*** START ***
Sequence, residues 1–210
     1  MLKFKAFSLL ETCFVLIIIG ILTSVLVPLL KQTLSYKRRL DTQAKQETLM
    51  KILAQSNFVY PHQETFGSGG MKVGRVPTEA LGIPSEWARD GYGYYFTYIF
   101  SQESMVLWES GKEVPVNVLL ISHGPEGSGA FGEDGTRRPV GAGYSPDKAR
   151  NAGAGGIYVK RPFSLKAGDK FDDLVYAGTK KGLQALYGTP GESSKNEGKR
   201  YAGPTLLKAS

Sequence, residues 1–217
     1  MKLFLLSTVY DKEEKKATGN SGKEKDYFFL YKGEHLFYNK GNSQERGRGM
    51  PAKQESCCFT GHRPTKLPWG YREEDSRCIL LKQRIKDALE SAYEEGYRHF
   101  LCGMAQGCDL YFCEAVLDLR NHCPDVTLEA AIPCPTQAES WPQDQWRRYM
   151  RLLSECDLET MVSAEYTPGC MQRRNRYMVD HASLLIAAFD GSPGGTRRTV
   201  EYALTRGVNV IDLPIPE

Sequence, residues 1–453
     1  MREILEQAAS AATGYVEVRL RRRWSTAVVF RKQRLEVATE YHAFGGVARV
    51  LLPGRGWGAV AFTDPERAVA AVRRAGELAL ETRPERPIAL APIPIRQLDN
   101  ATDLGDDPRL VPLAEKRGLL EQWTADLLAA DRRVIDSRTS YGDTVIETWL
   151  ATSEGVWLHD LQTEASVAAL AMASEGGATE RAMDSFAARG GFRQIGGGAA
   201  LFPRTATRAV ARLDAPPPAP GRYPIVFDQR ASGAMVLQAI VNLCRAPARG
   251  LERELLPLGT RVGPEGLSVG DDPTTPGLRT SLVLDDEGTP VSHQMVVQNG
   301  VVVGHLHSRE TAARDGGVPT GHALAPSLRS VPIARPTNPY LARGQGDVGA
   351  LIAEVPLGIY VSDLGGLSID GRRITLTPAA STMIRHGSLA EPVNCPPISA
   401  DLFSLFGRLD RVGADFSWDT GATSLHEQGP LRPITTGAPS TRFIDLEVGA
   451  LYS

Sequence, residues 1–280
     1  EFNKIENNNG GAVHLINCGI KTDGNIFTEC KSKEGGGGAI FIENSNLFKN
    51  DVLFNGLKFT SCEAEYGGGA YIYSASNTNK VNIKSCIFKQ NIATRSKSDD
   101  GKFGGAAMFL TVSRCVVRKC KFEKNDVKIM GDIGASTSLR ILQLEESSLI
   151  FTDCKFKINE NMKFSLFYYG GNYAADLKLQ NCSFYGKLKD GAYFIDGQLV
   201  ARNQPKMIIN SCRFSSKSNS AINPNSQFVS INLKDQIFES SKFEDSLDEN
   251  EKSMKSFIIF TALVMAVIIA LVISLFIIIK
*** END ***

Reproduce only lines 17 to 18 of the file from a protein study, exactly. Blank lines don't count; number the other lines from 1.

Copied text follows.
   151  ATSEGVWLHD LQTEASVAAL AMASEGGATE RAMDSFAARG GFRQIGGGAA
   201  LFPRTATRAV ARLDAPPPAP GRYPIVFDQR ASGAMVLQAI VNLCRAPARG